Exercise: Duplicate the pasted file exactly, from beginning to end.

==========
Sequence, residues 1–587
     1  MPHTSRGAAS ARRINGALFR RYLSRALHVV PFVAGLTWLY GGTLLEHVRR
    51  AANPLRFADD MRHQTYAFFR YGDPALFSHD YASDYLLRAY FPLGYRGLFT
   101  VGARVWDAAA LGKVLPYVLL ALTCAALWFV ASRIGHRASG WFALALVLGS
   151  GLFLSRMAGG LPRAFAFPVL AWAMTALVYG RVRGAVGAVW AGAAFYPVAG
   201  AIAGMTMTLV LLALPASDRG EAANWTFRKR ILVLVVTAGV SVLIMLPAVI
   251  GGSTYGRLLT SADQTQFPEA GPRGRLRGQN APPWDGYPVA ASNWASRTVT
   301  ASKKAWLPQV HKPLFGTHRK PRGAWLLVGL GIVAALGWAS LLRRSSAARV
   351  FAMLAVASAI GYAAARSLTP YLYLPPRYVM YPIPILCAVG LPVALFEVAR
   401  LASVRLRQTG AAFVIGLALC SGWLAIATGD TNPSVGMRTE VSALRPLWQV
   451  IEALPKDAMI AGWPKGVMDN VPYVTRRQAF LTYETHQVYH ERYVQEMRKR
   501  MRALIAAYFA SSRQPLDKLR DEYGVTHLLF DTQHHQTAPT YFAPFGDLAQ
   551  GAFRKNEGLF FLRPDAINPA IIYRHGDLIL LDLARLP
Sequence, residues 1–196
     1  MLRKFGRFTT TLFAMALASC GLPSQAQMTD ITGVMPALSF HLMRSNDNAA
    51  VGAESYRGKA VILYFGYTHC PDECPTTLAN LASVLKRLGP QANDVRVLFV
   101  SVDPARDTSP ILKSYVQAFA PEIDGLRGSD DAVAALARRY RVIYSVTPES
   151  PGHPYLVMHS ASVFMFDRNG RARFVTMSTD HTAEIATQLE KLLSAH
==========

Sequence, residues 1–587
     1  MPHTSRGAAS ARRINGALFR RYLSRALHVV PFVAGLTWLY GGTLLEHVRR
    51  AANPLRFADD MRHQTYAFFR YGDPALFSHD YASDYLLRAY FPLGYRGLFT
   101  VGARVWDAAA LGKVLPYVLL ALTCAALWFV ASRIGHRASG WFALALVLGS
   151  GLFLSRMAGG LPRAFAFPVL AWAMTALVYG RVRGAVGAVW AGAAFYPVAG
   201  AIAGMTMTLV LLALPASDRG EAANWTFRKR ILVLVVTAGV SVLIMLPAVI
   251  GGSTYGRLLT SADQTQFPEA GPRGRLRGQN APPWDGYPVA ASNWASRTVT
   301  ASKKAWLPQV HKPLFGTHRK PRGAWLLVGL GIVAALGWAS LLRRSSAARV
   351  FAMLAVASAI GYAAARSLTP YLYLPPRYVM YPIPILCAVG LPVALFEVAR
   401  LASVRLRQTG AAFVIGLALC SGWLAIATGD TNPSVGMRTE VSALRPLWQV
   451  IEALPKDAMI AGWPKGVMDN VPYVTRRQAF LTYETHQVYH ERYVQEMRKR
   501  MRALIAAYFA SSRQPLDKLR DEYGVTHLLF DTQHHQTAPT YFAPFGDLAQ
   551  GAFRKNEGLF FLRPDAINPA IIYRHGDLIL LDLARLP
Sequence, residues 1–196
     1  MLRKFGRFTT TLFAMALASC GLPSQAQMTD ITGVMPALSF HLMRSNDNAA
    51  VGAESYRGKA VILYFGYTHC PDECPTTLAN LASVLKRLGP QANDVRVLFV
   101  SVDPARDTSP ILKSYVQAFA PEIDGLRGSD DAVAALARRY RVIYSVTPES
   151  PGHPYLVMHS ASVFMFDRNG RARFVTMSTD HTAEIATQLE KLLSAH